The Wrong Dreams of Arthur Miller
An exploration of the proposition that in Arthur Miller's drama the 'wrong dreams' take the place of fate in classical tragedy with reference to Sophocles.
# 53836 | 1,175 words | 4 sources | APA | 2004 |
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This paper looks at how trapped in their fate the Greek tragic heroes of Sophocles and Aeschylus were flung into a pure and dream-like existence where emotion was experienced unmitigated by the distractions of the consciousness, where they could only descend into the whirlpool of destiny. It attempts to show as a distant descendant from this ancient culture, Arthur Miller creates modern tragedy from a more democratic approach which places significance on an individual's influence over his own destiny. It examines how Miller explores the fate of the common-man hero, "Death of a Salesman's" Willy Loman and "All My Sons" Joe Keller, within the drama of their dreams and decisions.
From the Paper:"From their detached perspective Miller's audience can easily discern that Willy's immersion in the capitalist dream dictates the tragic course of events in the play. Through his profession Willy is the natural hero for a tragedy of capitalist dreams as capitalism is often distinguished by salesmen who artificially stimulate individuals wants and needs. Resuscitated allusions to the commercially-charged Boston affair has embittered Willy's emotional relationship with his family as he uses financial reward to quantify his love for them; his receptionist mistress promises to put him straight "through to the buyers". "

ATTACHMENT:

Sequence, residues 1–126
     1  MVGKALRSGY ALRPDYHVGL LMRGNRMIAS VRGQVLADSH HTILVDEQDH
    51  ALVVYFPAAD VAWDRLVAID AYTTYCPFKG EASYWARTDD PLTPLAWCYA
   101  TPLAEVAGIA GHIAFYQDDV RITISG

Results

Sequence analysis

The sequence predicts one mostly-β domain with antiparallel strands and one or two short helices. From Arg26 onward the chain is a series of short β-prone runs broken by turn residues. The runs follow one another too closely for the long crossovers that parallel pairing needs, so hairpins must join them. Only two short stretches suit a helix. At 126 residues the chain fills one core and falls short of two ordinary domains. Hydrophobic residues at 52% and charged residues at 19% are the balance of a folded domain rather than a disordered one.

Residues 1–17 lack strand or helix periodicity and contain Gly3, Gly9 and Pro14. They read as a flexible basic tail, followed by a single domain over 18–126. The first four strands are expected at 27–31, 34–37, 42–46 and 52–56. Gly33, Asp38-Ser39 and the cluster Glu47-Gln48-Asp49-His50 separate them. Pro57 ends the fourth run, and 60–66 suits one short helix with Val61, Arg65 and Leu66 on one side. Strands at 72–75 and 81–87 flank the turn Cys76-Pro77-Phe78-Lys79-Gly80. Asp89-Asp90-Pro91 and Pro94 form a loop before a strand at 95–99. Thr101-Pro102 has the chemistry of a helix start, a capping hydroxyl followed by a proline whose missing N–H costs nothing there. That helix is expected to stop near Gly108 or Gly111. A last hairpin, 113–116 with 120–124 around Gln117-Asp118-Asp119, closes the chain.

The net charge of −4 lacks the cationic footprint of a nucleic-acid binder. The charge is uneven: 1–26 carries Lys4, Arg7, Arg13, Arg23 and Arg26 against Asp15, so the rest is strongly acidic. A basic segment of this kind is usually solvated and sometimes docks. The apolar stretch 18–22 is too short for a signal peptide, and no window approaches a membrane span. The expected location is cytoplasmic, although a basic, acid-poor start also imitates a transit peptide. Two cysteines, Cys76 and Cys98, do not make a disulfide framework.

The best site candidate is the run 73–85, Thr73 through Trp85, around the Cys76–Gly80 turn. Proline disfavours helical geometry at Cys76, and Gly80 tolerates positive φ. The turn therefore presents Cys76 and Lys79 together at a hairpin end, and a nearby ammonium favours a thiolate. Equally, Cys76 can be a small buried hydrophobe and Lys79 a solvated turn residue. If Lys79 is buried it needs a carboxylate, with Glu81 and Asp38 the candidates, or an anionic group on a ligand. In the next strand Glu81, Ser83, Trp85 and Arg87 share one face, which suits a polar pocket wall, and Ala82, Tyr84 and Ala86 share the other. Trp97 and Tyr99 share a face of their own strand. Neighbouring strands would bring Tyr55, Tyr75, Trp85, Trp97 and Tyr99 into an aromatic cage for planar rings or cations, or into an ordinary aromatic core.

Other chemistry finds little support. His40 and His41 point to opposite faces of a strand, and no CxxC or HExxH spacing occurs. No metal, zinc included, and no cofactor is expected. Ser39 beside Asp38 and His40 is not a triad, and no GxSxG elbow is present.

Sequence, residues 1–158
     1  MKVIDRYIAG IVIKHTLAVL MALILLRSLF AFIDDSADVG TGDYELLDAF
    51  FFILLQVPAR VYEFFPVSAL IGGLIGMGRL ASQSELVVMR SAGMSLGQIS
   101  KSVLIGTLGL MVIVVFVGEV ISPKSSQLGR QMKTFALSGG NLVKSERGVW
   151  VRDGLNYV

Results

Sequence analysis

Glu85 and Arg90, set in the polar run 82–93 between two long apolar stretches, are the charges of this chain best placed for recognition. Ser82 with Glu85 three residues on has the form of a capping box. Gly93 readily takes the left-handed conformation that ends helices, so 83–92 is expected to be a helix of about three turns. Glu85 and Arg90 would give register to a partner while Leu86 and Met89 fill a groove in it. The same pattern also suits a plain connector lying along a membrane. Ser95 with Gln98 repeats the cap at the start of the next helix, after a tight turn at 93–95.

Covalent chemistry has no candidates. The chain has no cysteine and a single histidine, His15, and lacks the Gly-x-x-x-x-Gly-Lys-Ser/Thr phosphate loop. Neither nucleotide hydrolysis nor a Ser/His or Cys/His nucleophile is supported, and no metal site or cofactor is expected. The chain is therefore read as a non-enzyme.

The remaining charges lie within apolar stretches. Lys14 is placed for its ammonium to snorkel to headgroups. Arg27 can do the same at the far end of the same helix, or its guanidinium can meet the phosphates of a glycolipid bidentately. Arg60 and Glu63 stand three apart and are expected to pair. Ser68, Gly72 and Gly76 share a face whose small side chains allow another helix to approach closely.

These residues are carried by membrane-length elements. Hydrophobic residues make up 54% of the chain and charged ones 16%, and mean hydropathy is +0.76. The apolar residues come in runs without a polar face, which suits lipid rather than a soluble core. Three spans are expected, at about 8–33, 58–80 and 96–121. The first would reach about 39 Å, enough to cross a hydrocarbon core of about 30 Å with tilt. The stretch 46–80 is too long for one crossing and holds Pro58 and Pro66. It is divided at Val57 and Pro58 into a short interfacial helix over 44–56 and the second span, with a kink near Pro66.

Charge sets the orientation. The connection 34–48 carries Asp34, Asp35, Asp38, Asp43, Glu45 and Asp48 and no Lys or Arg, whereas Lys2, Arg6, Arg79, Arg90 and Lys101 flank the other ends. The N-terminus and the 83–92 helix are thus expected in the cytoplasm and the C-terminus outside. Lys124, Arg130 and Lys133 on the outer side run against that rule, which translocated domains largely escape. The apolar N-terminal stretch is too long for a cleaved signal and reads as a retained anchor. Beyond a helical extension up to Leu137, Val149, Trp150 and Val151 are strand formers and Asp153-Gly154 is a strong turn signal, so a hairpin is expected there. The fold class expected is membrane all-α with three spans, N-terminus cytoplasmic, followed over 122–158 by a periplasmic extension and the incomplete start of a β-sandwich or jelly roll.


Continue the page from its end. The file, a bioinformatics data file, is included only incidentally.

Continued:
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The Wrong Dreams of Arthur Miller (2004, November 29) Retrieved April 19, 2021, from https://www.academon.com/essay/the-wrong-dreams-of-arthur-miller-53836/
"The Wrong Dreams of Arthur Miller" 29 November 2004. Web. 19 April. 2021. <https://www.academon.com/essay/the-wrong-dreams-of-arthur-miller-53836/>